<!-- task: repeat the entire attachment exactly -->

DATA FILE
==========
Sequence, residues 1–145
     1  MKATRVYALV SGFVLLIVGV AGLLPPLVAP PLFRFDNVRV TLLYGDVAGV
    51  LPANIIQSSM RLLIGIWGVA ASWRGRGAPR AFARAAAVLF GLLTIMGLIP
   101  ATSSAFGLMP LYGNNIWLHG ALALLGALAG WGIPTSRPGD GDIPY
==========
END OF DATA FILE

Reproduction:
Sequence, residues 1–145
     1  MKATRVYALV SGFVLLIVGV AGLLPPLVAP PLFRFDNVRV TLLYGDVAGV
    51  LPANIIQSSM RLLIGIWGVA ASWRGRGAPR AFARAAAVLF GLLTIMGLIP
   101  ATSSAFGLMP LYGNNIWLHG ALALLGALAG WGIPTSRPGD GDIPY